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What is the single most important thing for life to exist in the universe?

  1. Mar 4, 2010 #1
    I know a lot of people say water or carbon and some people even say fusion or gravity. I think these are just the building blocks we happen to find in our universe but I think life could exist without any of those things as long as the laws of physics of any particular universe allow for something like those things to exist. For me at least, it seems that nothing is the most important thing. Life really could not exist without a lot of vacuum in between the other stuff. We see this trend everywhere we look in our universe. The stuff between the stars and planets is mostly vacuum and even on the microscopic level most of the inside of atoms is vacuum. It would be impossible for life to exist in the instant after the big bang because there was so little vacuum that things were really hot. Even when our planet formed life could not exist until most of the asteroids were cleared up. It doesn't matter what sort of physical laws you have in your universe, a vacuum is always a vacuum (more or less once you start looking closely). So any universe that can harbor life must have a lot of nothing.

    So what do you guys think, what is the most important thing for life?
  2. jcsd
  3. Mar 4, 2010 #2
    Hi Superpaul3000,
    ok im going to have a stab at this one, life couldnt exist if one of the fundamental properties of the universe and everything in it is that it has a tendency to get more and more complex with time. systems tend to self organise into ever more complex systems the reason for that? i wouldnt have a clue!
    Last edited: Mar 4, 2010
  4. Mar 4, 2010 #3
    You have to understand the paradox of the universe. The universe can only exist if there are sentient beings (consciousness) able to observe it. If there are no sentient beings, then the universe exists as a wave, without any form or structure. Only after sentient beings observe the universe does the wave collapse into the beautiful firmament of stars, planets, galaxies, quasars, etc. Thus, the single most important thing for life to exist is a universe that provides the right quantum laws that allow for sentient beings to evolve. That is, the gravitation strength is this and the strong force is that and the weak force is this and the electromagnetic force is that. If any of the four forces deviate by a slight bit, then the conditions of the quantum laws will not be correct for life to exist. It is the precise tuning of our laws of quantum mechanics that is the most important factor to create sentient life.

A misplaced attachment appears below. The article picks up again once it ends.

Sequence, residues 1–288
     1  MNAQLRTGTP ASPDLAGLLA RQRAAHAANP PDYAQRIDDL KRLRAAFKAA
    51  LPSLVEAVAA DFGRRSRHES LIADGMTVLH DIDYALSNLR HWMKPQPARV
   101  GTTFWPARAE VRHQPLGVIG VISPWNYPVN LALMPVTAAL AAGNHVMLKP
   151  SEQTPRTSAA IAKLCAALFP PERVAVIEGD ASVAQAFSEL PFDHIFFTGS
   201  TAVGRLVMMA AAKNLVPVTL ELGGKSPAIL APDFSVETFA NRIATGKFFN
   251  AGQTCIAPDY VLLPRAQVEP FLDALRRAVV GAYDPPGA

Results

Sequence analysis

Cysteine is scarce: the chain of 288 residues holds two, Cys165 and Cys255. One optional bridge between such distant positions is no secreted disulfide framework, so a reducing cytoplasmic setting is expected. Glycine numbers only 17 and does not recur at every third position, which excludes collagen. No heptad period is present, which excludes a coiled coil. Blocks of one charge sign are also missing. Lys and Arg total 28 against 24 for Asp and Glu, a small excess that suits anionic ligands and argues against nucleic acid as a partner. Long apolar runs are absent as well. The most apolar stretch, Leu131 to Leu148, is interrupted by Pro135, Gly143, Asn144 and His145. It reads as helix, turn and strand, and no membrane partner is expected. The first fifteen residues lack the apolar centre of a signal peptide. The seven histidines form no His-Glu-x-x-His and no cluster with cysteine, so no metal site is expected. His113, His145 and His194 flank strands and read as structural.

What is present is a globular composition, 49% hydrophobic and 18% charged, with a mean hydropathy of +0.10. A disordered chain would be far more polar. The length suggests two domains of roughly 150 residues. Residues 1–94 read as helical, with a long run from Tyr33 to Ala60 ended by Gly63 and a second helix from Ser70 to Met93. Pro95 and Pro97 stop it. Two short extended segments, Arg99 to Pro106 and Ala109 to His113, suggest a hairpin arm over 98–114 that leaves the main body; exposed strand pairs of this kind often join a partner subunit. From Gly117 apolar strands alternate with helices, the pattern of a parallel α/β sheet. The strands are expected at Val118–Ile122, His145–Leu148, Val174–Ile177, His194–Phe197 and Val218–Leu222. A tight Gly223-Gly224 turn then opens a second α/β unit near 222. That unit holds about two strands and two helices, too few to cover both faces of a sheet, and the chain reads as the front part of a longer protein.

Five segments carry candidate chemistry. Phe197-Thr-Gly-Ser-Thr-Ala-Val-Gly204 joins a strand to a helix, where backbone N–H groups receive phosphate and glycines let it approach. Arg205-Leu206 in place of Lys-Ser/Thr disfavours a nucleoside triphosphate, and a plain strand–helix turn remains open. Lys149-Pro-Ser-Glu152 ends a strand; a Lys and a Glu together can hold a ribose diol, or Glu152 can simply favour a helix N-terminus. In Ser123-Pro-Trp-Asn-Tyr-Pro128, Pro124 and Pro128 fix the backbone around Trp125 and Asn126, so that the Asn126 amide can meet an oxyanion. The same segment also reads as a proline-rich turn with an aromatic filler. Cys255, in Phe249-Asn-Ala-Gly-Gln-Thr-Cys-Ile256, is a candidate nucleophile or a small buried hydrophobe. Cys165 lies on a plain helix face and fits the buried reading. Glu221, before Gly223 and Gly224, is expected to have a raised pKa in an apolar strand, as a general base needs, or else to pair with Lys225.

There may be parallel universes that exists as only a wave function because those universes did not provide the correct quantum laws for sentient beings to evolve. Those universes are dead in the sense that they are unable to form a firmament of astronomical bodies including a sun and a planet with beautiful water and sky. There is no such thing as a "barren" cold universe unless somehow we observe it through a black hole (impossible to do). Until then, its only a wave. There are probably an infinite number of universes in the form of a wave waiting for the moment that sentient beings can observe them to allow for that universe to collapse into a world of particles and matter.
    Last edited: Mar 4, 2010
  5. Mar 4, 2010 #4
    Time, simply that.
  6. Mar 5, 2010 #5
    google "fine tuning"
  7. Mar 5, 2010 #6

    the universe only exits because sentient beings are here to observe it?
    i just dont agree with that statment i dont think the universe needs sentient beings to exist, if that statment was true then how did the universe exist before planets were formed?
    the universe begun before any sentient beings evolved and will exist long after sentient beings have died out there just wont be anyone to observe it.
    if what your saying is true magnusrobot12 then i must be missing somthing!